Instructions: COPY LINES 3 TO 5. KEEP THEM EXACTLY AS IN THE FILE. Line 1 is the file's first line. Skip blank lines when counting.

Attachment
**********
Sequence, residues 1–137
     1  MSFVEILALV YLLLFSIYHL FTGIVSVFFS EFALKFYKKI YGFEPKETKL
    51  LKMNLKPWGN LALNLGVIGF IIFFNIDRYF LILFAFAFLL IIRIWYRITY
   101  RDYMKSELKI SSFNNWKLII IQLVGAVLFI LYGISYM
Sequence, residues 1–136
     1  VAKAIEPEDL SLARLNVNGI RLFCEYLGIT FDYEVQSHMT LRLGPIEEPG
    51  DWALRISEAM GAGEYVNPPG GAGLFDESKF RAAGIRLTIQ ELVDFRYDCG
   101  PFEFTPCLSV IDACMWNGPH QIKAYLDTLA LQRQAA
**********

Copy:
    51  LKMNLKPWGN LALNLGVIGF IIFFNIDRYF LILFAFAFLL IIRIWYRITY
   101  RDYMKSELKI SSFNNWKLII IQLVGAVLFI LYGISYM
Sequence, residues 1–136